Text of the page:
^ Respectfully, your post tells me that you possibly don't understand Section 4 of the Wilderness Act, which allows the use of "motorized equipment" "necessary to meet minimum requirements for the administration of the area."

It is important to read and understand the entire text of any piece of federal legislation, as opposed to cherry-picking only those parts of it one wishes to use for purposes of argument.

In project planning, the use of a helicopter is all penciled out: number of flight hours; duration of flights; frequency of flights; number of flights; man hours required; gallons of fuel used; etc.

Those numbers are weighed against all factors involved in doing the same project with non-motorized equipment.

I'm sure that Rod probably has at hand all the numbers for both on the move of the Enchanted Valley Chalet, which is why they used a helicopter to move in some of the equipment: it cost less and had less impact.

Figures don't lie, but liars figure.

In many cases, particularly at ONP, the use of a helicopter is far less intrusive and results in far less impact than would other options available.

More importantly: the noise from helicopters (which is the biggest argument against their use) is only of short duration.
I would much prefer the helicopter flights over the Queets than the fighter jets from Whidbey Island any day of the week, and twice on Sundays.

So why isn't OPA focusing their "Save the Planet" efforts on something which will actually be of benefit to all Park visitors, as opposed to their relentless campaign to make access into the Park more difficult for users, and which will unquestionably result in more pressure and crowding problems in other areas?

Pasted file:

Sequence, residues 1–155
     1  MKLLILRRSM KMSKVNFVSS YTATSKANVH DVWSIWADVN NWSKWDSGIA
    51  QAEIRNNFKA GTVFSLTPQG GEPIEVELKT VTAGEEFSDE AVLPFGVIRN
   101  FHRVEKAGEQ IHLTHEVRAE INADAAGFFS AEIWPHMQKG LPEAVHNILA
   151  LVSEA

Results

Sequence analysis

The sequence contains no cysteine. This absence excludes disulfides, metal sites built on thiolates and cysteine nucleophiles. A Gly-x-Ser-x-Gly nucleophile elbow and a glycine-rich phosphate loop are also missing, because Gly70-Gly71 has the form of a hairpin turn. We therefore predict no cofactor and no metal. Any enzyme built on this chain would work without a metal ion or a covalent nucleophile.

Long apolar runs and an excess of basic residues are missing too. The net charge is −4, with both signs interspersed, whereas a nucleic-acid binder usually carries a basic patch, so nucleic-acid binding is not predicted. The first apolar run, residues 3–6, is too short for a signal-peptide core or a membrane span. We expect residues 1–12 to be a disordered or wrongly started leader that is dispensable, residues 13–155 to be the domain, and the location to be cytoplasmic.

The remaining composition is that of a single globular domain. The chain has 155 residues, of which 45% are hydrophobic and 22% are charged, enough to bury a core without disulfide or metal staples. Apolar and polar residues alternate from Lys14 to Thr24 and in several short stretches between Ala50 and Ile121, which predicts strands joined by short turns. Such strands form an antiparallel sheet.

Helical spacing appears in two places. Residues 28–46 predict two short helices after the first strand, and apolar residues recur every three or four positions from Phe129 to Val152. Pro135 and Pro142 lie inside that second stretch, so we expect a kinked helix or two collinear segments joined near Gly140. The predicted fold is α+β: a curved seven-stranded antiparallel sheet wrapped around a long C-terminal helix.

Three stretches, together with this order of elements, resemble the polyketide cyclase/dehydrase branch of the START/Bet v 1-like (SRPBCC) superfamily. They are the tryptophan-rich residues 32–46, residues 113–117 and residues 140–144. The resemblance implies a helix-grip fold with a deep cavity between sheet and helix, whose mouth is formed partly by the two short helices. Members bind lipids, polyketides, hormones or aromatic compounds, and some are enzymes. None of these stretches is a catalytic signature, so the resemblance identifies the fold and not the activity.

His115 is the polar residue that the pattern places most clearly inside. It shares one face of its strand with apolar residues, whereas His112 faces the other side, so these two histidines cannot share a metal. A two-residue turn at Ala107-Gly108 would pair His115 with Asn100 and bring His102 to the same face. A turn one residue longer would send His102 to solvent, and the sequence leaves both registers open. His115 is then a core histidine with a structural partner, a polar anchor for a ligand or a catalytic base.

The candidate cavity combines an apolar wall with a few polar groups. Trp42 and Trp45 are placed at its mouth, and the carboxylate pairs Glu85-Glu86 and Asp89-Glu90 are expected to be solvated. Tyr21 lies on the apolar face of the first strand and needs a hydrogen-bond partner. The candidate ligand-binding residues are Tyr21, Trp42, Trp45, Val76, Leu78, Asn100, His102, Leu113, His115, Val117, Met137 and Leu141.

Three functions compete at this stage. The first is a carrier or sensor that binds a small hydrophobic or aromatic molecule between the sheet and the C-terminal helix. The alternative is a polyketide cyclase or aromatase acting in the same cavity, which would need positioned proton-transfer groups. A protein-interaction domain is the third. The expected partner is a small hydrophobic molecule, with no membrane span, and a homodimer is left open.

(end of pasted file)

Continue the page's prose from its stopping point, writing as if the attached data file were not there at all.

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I have heard the mermaids singing, each to each."
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Ski
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PostWed Jul 14, 2021 3:16 pm 
JVEsquire wrote:
"...plowing unnecessary roads..."

where?

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Ski
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PostWed Jul 14, 2021 3:36 pm 
JVesquire wrote:
"...horse pack in their tools..."

Olympic National Park (as of 07/14/21) has 22 pack mules and 4 packers.

Average weight that a pack mule can haul: approx. 120-150 pounds (varies by size of animal and conditioning.)

There are some items where it is simply not possible to use pack animals, like the steel rails that were used for the move of the Enchanted Valley Chalet, or the full pallets of cedar shakes that were dropped near the Pelton Creek Shelter (prior to its collapse and subsequent destruction during the Paradise Fire in 2015.)

There are other items not related to shelters that need to be moved as well, like the "Sno-tel" stations that were dropped in several years ago. (About which, as far as I know, OPA has voiced no objections, notwithstanding the large galvanized, steel-framed structures are arguably far more "an intrusion on the natural landscape" than would be an old wood-framed building designed to fit into its surroundings.) (Oh, but maybe they benefit from the use of the Sno-tel stations, which is why we don't hear about those on the OPA website.)

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"I shall wear white flannel trousers, and walk upon the beach. 
I have heard the mermaids singing, each to each."
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coldrain108
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coldrain108
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PostWed Jul 14, 2021 3:52 pm 
Ski wrote:
There are other items not related to shelters that need to be moved as well

Like these:


Bags of rocks heading down to less rocky areas.  Redistribution of wealth?

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trestle
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PostThu Jul 15, 2021 12:45 pm 
JVesquire wrote:
Add a day to your trip, or shorten the mileage. Convenience is an overriding concern, not wilderness stewardship.

rolleyes.gif